Glasgow Daily Times, Glasgow, KY


April 23, 2014

BARREN COUNTY FOOTBALL: Adversity motivates Eaton

Trojan wide receiver to play at Lindsey Wilson College

GLASGOW — Chad Eaton had tears.

A football player described as tough and able to overcome adversity by his coach wiped his eyes while sitting between his parents at a table in the Barren County High School library Wednesday morning.

Nearby, head football coach Jason Esters told Eaton’s story to a crowd gathered to witness the senior Trojan declare his intent to play football at Lindsey Wilson College in Columbia.

“Chad has a story of overcoming adversity,” Esters said. “You told me you only played two plays in all of middle school. You could’ve quit, but you persevered.”

Eaton looked down at the table as Esters spoke, then used his hand to wipe his eyes.

The coach continued speaking aloud: “You came to every weightlifting session, every seven-on-seven session. You dedicated yourself to proving everyone wrong.”

Esters said Eaton was the first Barren County player selected to play on the Best of the Bluegrass team.

“You said yourself that you were the smallest player on the field at the Best of the Bluegrass,” he said. “You’ve played with a chip on your shoulder. Use that as a fuel like you have in the past.”

Eaton looked up at Esters and nodded his head in agreement.

After the coach’s speech and photo ops with family, Eaton said, “I’m not use to being the star around here.”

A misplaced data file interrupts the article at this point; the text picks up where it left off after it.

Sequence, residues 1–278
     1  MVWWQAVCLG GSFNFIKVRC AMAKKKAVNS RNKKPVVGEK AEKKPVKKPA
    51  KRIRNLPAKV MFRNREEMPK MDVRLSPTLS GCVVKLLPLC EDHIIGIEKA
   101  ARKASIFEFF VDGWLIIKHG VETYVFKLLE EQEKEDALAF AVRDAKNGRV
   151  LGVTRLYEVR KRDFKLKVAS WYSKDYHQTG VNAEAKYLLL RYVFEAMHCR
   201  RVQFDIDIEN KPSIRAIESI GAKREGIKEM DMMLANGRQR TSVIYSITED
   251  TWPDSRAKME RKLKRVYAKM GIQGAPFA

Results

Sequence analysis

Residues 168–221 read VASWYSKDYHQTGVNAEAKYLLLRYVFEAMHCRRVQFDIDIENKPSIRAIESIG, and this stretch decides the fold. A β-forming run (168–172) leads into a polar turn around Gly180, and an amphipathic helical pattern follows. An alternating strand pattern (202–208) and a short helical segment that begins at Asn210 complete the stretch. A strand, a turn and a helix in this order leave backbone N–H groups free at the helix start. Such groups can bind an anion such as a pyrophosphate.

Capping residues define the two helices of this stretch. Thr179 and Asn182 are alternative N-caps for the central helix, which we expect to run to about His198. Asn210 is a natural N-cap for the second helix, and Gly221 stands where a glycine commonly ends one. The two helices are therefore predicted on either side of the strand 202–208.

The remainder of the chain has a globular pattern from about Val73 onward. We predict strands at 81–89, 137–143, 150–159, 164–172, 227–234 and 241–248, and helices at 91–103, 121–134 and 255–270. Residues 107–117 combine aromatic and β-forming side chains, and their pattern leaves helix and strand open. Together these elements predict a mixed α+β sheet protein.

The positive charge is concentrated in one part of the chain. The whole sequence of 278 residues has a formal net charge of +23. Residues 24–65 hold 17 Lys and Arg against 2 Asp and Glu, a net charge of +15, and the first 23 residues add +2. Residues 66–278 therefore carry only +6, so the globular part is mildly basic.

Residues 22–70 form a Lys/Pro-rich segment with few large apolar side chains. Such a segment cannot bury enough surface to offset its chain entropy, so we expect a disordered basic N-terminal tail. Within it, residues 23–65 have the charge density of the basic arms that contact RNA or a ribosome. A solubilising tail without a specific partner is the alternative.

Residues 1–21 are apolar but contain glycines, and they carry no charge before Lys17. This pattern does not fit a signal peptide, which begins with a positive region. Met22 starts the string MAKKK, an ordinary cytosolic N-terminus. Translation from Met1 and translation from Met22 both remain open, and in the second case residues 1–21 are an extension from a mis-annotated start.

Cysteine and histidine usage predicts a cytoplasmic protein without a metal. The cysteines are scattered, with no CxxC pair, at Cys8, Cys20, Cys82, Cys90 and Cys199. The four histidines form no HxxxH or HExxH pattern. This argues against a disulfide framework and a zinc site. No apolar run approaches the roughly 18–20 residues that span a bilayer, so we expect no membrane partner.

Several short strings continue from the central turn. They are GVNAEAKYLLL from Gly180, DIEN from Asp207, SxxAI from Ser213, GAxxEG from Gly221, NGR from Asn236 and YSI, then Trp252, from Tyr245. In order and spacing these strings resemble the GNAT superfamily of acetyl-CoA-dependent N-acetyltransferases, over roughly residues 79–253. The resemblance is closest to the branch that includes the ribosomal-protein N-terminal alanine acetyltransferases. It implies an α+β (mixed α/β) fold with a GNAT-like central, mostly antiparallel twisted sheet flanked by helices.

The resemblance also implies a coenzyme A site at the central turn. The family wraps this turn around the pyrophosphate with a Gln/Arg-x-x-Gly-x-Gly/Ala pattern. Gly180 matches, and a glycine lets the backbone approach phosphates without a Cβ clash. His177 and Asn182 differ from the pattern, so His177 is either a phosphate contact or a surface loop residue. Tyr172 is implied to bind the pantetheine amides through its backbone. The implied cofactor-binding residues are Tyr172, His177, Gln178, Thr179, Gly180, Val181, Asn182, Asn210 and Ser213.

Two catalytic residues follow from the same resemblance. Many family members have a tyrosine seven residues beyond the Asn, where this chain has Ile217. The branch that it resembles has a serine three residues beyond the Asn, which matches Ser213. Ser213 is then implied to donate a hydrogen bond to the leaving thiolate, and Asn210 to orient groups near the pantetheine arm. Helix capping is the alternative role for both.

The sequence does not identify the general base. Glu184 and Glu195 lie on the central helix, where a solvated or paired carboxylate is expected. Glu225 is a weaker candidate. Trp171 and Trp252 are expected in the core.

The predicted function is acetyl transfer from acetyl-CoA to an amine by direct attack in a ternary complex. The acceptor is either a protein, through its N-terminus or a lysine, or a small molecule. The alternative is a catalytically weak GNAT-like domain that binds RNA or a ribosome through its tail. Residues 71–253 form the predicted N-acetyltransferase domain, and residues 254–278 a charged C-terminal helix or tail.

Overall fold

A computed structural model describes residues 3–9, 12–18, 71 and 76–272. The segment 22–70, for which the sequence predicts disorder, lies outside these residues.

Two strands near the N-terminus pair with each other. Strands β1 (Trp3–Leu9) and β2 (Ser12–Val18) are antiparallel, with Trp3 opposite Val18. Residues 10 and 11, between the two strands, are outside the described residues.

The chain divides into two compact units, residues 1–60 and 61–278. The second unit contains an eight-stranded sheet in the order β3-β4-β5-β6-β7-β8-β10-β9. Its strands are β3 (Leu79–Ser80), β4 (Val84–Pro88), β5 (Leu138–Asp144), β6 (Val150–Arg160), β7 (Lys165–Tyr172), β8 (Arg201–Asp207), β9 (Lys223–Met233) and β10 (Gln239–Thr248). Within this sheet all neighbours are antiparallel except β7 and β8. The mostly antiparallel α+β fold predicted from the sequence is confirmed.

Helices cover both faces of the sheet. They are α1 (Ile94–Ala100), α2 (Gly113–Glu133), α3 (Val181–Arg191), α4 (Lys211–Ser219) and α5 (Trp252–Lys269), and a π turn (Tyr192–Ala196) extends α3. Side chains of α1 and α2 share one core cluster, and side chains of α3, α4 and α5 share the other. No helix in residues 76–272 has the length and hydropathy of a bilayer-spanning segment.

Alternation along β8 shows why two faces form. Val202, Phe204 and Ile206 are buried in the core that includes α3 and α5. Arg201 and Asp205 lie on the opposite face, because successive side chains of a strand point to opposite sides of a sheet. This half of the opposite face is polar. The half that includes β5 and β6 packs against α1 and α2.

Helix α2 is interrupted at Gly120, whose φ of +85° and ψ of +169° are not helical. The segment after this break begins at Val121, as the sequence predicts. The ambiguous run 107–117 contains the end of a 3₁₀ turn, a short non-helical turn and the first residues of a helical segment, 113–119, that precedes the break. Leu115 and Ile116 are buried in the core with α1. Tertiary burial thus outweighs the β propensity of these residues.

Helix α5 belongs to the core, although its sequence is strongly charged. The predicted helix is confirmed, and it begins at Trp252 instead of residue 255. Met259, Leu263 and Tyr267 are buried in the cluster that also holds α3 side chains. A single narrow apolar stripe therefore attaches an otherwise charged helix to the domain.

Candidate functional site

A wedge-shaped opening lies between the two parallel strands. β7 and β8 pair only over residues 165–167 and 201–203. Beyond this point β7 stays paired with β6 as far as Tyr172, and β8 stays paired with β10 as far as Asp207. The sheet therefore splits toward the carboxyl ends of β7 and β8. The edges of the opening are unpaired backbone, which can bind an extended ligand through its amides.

He said middle school football was tough for him and he considered giving up the sport, but stuck with it when then Barren head coach Jeff Richey told him, “I had four brand-new years to make something happen.”

Esters replaced Richey going into Eaton’s freshman year. The player said he and his present head coach developed a bond when Esters let Eaton play quarterback in a varsity game against Monroe County.

“Ever since then we’ve clicked,” Eaton said. “We’ve had the bond for the past four years.”

Eaton moved to wide receiver before his junior season and has excelled at that position.

“He was getting me prepared for the move to college. He thought it was the best decision for me, but I kind of wanted to play quarterback those last two years,” Eaton said with a smile.

“He ended up being one of the team leaders and one of the best players on our team. We moved him to receiver just so we could throw the football,” Esters said. “I’m proud of him because he could have quit, but he stuck it out.”

He has always been one of the smallest players on the field, Esters said, but he has overcome that adversity.

Eaton said he plans to become a teacher and a coach. He will study physical education and health at Lindsey Wilson.

“He’s going to make a good coach one of these days,” Esters said.

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